Women have a "drumstick" arising from the nucleus of polymorphonuclear (PMN) leukocytes. It should not be referred to as "sex chromatin" since it was shown by Ashley in 1957 to be unrelated to the sex chromatin of somatic cells. Although genetic tests are now readily available for determining a person's gender, this examination can still be useful as an inexpensive screening test or in resource-poor areas.


Nuclear findings seen in leukocytes from women (or anyone with more than 1 X chromosome):

(1) drumsticks in neutrophils

(2) sessile nodules in neutrophils

(3) nuclear sex chromatin (Barr body) in lymphocytes and monocytes


Although a blood smear can be examined for nuclear sex chromatin (Barr body), artifacts occur and the examination requires a special stain. In addition, it may be difficult to distinguish from nuclear clumping in leukocytes.


Features of the drumstick:

(1) The bulbous end is dense and measures 1.5 microns in diameter.

(2) There is a thin nuclear filament connecting the end to the rest of the nucleus.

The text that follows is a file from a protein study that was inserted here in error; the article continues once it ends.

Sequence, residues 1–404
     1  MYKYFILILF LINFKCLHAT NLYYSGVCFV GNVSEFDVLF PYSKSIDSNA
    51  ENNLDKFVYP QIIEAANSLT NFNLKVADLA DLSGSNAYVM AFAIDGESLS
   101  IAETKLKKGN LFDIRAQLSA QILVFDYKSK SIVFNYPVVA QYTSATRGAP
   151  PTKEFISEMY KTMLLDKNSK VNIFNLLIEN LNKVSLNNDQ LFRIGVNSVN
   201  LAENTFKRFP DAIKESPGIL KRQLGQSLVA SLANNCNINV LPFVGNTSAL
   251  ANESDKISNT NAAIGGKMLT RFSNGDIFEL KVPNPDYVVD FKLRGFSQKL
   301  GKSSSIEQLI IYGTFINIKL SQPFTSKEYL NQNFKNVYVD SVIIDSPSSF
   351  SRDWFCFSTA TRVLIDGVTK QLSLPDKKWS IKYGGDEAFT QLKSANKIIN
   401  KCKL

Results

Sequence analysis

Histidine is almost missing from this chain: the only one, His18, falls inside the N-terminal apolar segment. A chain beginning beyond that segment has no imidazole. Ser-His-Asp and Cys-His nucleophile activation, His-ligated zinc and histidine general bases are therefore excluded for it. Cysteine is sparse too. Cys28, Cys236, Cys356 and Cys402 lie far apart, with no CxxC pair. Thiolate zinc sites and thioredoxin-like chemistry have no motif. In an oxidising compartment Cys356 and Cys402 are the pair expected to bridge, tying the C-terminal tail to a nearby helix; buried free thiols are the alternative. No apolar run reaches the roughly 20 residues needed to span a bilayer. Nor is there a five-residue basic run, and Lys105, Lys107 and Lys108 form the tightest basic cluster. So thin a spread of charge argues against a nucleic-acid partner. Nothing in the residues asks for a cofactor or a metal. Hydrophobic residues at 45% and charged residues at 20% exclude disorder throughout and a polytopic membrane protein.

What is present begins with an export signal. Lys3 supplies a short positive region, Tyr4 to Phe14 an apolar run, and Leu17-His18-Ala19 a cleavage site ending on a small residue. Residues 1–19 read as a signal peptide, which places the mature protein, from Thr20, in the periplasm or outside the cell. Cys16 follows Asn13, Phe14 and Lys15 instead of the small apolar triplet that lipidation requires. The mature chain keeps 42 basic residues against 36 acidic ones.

(3) There should only be 1 per PMN (the presence of more than 1 suggests artifact).


The sessile nodule has the bulbous end of the drumstick but is connected to the nucleus by a broad base.


Specimen: smear prepared from fresh capillary blood (oxalated blood may have more artifacts)


Number of PMNs to count when looking for drumsticks: 500 or more


percent of cells with nuclear drumsticks =

= (number of cells with drumsticks) / (number of polymorphonuclear leukocytes counted) * 100%



• Most women have from 1-7% PMNs with drumsticks.

• Occasionally a woman may show down to 0.2% (1 in 500) PMNs with drumsticks.

• A woman with Turner Syndrome (XO) would not show drumsticks unless an XO/XX mosaic.

• A normal male should not have any drumsticks.

• Rarely a man may show a drumstick. However, the quantitation of sex chromosomes is needed to determine if the person has more than 1 X chromosome (XXY, XXXY, etc.)

• Rarely a male fraternal twin with a female twin will show a small number of drumsticks.

• A phenotypic female without drumsticks may have testicular dysgenesis.


Differential diagnosis (artifacts confused with drumsticks):

(1) racquets (have a cleared or hypodense center)

(2) small nuclear clumps


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